As part of its “Come out and Play” series—which continues until tomorrow—Apexart (the non-profit art institution a few blocks south of Canal Street) screened over 100 movie shorts under the general theme of “exhibitionism” on Wednesday. Interestingly, the screening was all-inclusive, a kind of open mic for local artists. Titles included such gems as “limb constricting exercise 3,” (Corinne Mynatt) “iPod bra for living sculpture,” (Holly Lester) and “A video of someone taking a powerful psychoactive substance ordered online, uploaded to YouTube, 2007” (Kevin Regan)
To finish up the day’s events, ex-dominatrix turned baby-boomer granny, Sheree Rose, gave a talk entitled “Supermasochist.” She was introduced as “the widow of Bob Flanagan,” which might lead the uninitiated in the audience to believe that some act of S&M involving the aforementioned Flanagan had gone horribly wrong. But no, Flanagan, the man best known in S&M circles for nailing his penis to a wooden board, died in 1996 of cystic fibrosis, at the age of 43. He had “it’s fun to be dead” inscribed on his tombstone. They married, Rose said, “on his deathbed,” after she’d spent many years as his dominatrix, companion and artistic collaborator.
An audience member commented that she seemed very much in love with Flanagan, and then asked in a round about way if she was still a dominatrix. It might have been a come-on. Rose replied that she’d retired when Flanagan died; it seemed that her life now consisted of reliving the past and remembering her time in the S&M spotlight.
Rose said that she met Flanagan, who was born in New York, at a Halloween party. “He looked like a dead person without the makeup,” she said, smiling. “We had a date, and he told me he was a masochist. I didn’t know what that was.” So, he explained it to her: “I want to be someone’s slave.” She agreed, she said, as long as they didn’t have to do it “behind closed doors.” He, she said, “was a little chagrined, because he never did tell his mother.”
It was odd to watch the baby-boomer Rose sit below the gallery’s movie-screen, watching her watching the young Rose as she performed a mock autopsy on Bob’s living, mock-dead body (a body that is now really dead.) The old Rose took sips of fruit juice, while 1980s Rose clamped black clothes pegs to Flanagan’s reddening flesh and shoved a large silver ball up his sphincter with one white-gloved hand. Some audience members groaned. A man who looked to be in his twenties sitting to my right loosened his left shoe, pushed it partially off, and began to massage his ankle.
A woman asked Rose if there was any conflict between her role as caretaker for a terminally ill man and her role as his dominatrix. Rose said there wasn’t; on the contrary, she argued that “it kept him alive. It gave him something to do everyday.” She said it in a way that suggested that masochism was a hobby like anything else, like stamp collecting or tending a vegetable patch. Rose also offered her own theories on why people become sadists, or masochists. “Masochists have to climb Mount Everest, even if it kills them,” she said. “It’s spiritual…this is very different than raping someone.” The woman to my left nodded in agreement.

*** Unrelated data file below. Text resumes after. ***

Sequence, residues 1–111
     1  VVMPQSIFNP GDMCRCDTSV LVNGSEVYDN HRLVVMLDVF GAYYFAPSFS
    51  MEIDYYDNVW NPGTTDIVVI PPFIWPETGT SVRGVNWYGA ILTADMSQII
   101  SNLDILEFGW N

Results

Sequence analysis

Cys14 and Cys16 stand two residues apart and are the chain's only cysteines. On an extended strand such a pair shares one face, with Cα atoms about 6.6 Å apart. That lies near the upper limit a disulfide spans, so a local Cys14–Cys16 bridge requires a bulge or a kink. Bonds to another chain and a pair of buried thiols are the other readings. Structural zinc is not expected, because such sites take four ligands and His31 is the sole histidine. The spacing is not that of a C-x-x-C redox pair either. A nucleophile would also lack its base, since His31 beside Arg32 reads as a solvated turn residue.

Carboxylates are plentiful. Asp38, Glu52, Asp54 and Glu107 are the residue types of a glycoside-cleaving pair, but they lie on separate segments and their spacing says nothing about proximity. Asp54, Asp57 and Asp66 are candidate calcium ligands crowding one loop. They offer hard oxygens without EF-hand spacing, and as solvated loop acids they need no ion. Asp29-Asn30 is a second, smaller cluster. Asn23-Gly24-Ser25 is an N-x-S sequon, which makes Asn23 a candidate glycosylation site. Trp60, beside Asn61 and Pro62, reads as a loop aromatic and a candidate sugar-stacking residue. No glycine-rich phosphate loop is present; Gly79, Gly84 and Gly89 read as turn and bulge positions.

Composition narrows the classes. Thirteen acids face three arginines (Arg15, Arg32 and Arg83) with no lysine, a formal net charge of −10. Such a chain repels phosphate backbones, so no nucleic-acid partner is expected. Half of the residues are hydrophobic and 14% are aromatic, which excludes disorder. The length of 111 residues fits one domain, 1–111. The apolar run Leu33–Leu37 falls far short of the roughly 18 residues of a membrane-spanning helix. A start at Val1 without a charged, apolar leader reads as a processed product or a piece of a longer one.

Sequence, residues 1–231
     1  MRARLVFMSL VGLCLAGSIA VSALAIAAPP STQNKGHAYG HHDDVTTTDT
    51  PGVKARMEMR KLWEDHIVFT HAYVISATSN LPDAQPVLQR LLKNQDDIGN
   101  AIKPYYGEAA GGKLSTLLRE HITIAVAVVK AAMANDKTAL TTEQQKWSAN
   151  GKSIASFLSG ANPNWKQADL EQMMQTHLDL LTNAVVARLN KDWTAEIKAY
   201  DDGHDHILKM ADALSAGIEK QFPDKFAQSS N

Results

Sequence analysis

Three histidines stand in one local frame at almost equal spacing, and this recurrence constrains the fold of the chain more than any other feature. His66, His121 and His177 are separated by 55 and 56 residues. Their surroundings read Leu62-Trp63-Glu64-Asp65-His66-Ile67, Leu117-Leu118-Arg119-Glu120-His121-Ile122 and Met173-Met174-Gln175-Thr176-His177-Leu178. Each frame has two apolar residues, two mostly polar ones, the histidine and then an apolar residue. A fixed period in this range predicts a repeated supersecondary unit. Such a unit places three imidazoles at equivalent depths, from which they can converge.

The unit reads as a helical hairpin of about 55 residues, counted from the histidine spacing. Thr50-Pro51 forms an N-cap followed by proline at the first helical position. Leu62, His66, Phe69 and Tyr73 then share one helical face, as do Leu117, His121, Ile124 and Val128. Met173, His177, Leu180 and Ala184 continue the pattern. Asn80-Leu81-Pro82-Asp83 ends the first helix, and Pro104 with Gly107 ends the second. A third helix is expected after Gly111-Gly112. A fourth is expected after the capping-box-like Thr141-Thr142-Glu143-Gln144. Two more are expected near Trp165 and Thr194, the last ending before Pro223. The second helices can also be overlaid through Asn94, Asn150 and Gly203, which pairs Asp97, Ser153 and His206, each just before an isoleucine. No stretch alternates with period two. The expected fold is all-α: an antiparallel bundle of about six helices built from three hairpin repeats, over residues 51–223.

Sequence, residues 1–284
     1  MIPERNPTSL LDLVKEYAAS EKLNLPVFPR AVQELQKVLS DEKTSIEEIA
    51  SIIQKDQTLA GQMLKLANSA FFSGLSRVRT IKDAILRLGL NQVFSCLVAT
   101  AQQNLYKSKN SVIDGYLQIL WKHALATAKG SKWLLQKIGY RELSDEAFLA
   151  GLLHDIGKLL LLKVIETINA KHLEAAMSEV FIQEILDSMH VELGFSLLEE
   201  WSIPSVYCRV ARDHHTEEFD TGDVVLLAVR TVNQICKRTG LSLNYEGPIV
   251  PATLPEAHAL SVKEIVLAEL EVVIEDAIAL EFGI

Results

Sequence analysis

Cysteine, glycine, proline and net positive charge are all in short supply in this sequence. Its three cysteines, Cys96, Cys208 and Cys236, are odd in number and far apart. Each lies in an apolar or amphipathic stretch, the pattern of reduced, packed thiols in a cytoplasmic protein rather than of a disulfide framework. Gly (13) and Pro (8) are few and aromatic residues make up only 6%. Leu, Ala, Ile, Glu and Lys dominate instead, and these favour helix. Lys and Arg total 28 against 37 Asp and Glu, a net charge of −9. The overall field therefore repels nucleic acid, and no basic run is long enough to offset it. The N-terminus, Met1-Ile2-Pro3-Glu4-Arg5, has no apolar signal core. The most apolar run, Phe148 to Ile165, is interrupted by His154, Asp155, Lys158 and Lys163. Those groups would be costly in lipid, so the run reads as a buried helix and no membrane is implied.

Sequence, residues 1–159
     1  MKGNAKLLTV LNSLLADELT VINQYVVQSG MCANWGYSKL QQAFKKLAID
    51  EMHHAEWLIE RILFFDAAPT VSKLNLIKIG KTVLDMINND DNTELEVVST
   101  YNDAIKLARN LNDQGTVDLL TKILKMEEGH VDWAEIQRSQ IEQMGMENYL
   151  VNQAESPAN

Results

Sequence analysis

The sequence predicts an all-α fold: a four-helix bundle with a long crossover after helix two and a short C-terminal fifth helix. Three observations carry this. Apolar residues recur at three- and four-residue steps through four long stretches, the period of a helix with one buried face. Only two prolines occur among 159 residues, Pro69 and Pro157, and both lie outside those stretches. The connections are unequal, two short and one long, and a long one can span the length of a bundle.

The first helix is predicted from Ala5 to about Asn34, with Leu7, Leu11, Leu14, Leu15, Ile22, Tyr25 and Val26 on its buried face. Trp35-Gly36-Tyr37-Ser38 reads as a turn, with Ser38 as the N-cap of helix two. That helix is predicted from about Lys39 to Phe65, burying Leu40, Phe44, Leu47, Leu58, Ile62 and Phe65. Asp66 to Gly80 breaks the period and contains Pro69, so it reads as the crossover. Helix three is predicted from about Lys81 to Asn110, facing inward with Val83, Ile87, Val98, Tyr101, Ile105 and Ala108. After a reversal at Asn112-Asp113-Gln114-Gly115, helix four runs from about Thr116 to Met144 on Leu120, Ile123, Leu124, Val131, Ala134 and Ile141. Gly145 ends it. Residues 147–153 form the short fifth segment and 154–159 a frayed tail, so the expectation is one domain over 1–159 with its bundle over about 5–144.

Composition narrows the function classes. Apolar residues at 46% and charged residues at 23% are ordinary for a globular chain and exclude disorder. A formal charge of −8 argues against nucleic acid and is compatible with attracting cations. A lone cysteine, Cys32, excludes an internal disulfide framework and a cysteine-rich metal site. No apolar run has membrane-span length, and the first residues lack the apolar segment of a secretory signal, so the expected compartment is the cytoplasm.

Rose then showed a clip from Flanagan’s movie, Sick, where he hammers a nail through his penis onto a board. There were groans from the audience; whether they were of empathetic pain, or pleasure, it was hard to tell. As Flanagan pulled the nail out, a shower of blood hit the camera screen. Old Rose laughed, and said “he’d done it before as a teenager.” A man in the audience asked how he knew where to hammer the nail so it did avoided any major arteries. According to Rose, he didn’t. He just hammered it in. “I hope I’m not embarrassing anyone,” she said. It seemed an odd question to ask a room full of people who’d come out to hear a talk about sadomasochism. She talked about an earlier scene. “Lots of men, not just Bob, put things up their urethras.” The foot-massaging man nodded in agreement.
As a finale, Rose showed two music videos: the Nine Inch Nails’ “Happiness in Slavery,” which shows Flanagan hooking himself up to a machine that then tortures and kills him, while he makes faces of pleasure and pain. A small black dog started barking from the third row, causing a ripple of laughter from the audience. Finally, she showed Danzig’s “It’s Coming Down,” where Flanagan’s penis appears again, along with an assortment of Rose’s friends from her L.A. days. “Is that Dirk?” a man behind me asked. “Yeah, somebody know them?” said Rose.
People filed out, or assembled in groups at the front of the gallery. Some fans (including the guy who knew Dirk) waited to talk to Rose. A couple of questions lingered in my head about the evening: First, what makes someone a sadist; second, how did Sheree Rose earn a living? They can’t have made enough money from their S&M performance art alone. Clearly another audience member had similar thoughts. She asked a question, to which Rose replied, “I’m retired. I’m a grandmother.” The answer mustn’t have satisfied the questioner. She asked something else, which answered both my questions. “I used to work for the Federal Government,” Rose replied. “I used to work for FEMA.” They carried on chatting.